Green Concerns: Accelerating Fiberglass Demand
Anthony Bartolini, Inline Fiberglass
More competitive pricing and focus on ROI enables more buyers to justify purchase of pultruded products
Adapted from an article appearing in Window & Door magazine, May 2010 issue
Fiberglass framing materials are enjoying more significant market recognition as of late. Although it is not a new technology, the heightened global emphasis on green building and sustainable building practices is highlighting the properties of fiberglass and increasing demand for such products.
The strength of fiberglass enables windows and doors to be produced with narrow framing.
Fiberglass offers benefits that appeal to nearly market segment—from residential to light commercial, to new construction and retrofit applications. These benefits include strength, longevity, durability and thermal efficiency.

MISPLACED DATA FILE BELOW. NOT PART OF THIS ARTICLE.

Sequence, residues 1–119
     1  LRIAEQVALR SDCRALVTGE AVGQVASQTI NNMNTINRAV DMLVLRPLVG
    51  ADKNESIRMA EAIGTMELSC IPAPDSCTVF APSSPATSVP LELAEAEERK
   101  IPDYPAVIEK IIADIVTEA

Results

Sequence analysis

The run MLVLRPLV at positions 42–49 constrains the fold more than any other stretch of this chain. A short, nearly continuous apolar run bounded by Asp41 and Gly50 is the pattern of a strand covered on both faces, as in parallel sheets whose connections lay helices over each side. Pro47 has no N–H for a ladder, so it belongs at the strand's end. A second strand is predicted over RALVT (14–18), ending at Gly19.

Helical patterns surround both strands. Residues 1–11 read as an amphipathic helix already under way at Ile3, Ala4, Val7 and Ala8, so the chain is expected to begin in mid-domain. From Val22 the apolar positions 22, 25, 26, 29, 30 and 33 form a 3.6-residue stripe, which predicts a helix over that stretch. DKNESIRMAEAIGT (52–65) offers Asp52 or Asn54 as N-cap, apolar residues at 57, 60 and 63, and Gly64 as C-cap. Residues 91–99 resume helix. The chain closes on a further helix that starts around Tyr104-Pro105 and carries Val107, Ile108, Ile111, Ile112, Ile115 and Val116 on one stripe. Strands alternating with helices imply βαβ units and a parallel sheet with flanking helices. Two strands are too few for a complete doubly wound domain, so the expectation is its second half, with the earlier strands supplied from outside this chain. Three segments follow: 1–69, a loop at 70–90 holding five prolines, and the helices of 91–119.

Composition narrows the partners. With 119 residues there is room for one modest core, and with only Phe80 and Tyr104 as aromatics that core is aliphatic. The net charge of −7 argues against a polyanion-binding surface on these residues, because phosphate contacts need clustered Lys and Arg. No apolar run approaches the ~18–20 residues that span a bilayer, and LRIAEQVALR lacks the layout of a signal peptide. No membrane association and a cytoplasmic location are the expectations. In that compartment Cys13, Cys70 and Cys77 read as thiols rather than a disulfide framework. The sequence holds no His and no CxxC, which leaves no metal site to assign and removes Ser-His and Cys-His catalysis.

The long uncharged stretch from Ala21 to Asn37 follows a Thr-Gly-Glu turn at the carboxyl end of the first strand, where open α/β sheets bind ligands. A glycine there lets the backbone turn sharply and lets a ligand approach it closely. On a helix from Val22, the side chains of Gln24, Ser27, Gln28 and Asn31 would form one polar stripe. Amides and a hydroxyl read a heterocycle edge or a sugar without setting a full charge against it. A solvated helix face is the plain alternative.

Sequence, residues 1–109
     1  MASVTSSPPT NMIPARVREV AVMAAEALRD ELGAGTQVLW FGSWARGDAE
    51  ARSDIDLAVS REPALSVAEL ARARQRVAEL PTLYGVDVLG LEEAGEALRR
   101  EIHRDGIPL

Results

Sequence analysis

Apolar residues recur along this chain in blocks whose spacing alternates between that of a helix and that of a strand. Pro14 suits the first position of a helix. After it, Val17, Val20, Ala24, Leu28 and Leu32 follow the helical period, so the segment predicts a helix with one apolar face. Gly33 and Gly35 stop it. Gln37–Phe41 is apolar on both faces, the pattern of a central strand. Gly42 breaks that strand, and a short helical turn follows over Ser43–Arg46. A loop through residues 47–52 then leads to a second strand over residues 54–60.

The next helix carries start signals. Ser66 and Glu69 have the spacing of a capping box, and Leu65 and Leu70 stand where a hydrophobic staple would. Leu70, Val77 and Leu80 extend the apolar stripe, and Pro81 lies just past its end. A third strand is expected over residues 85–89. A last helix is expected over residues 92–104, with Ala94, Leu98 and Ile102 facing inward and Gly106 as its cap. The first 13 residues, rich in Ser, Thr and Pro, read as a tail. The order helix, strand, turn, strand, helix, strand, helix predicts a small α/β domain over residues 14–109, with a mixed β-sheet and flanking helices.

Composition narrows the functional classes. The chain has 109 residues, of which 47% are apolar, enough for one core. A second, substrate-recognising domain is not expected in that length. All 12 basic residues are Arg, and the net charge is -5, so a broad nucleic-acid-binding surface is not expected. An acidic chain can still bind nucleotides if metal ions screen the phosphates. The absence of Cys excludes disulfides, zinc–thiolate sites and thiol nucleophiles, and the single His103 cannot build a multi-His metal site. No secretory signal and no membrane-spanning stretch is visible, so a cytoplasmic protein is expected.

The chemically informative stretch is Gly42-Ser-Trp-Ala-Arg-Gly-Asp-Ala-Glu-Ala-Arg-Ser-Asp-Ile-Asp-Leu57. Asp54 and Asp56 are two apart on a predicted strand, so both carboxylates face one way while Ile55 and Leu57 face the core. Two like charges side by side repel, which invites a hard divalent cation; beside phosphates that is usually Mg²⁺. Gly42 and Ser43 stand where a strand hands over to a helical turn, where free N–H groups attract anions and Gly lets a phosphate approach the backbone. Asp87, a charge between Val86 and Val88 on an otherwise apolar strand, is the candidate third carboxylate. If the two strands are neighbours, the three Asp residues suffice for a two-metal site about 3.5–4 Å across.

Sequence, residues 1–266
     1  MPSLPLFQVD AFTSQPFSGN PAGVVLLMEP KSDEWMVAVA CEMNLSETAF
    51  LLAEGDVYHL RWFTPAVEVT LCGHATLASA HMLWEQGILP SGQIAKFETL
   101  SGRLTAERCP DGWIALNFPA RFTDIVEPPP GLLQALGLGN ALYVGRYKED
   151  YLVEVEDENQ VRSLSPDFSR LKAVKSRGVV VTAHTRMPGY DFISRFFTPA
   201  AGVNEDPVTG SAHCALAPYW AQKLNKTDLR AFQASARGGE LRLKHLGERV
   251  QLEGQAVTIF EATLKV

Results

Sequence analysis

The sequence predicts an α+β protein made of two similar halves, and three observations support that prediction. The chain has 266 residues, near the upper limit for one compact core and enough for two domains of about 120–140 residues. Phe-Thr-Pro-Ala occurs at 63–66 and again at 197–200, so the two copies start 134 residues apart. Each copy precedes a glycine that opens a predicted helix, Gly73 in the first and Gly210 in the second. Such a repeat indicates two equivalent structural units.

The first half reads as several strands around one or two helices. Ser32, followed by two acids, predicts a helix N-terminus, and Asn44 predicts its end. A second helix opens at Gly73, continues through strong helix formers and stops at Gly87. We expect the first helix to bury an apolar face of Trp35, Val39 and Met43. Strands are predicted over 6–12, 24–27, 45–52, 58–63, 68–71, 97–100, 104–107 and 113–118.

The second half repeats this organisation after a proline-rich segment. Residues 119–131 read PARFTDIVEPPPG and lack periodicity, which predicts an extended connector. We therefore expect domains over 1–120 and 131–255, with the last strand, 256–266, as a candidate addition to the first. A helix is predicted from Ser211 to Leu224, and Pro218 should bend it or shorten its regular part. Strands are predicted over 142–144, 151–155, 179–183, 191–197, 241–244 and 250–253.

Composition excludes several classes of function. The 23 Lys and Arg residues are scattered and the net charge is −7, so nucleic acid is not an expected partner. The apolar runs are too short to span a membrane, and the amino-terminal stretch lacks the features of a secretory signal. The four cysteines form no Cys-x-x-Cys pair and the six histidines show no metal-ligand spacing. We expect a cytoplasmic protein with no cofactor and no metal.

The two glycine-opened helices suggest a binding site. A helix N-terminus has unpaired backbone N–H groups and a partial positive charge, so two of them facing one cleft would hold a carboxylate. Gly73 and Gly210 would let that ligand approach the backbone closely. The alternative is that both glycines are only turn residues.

In the past, these factors have attracted much interest in fiberglass and some adoption in the market. The cost of fiberglass windows and doors, however, has been a deterrent. That is changing. Fiberglass manufacturers have streamlined their manufacturing processes—allowing them to provide more competitive pricing today. The intricate pultrusion process is slower than PVC or aluminum extrusion processes and one of the main factors contributing to the cost of fiberglass. Pultruders have made significant progress maximizing run speeds with greater yields being the result. Improving the pultrusion process while simultaneously increasing fabrication efficiencies has allowed fiberglass window and door manufacturers to reduce prices. Couple lower prices with the fact that life cycle assessments and return on investment often carry more weight in the purchase decision than initial window and door product costs, fiberglass can become the preferred framing material of many buyers.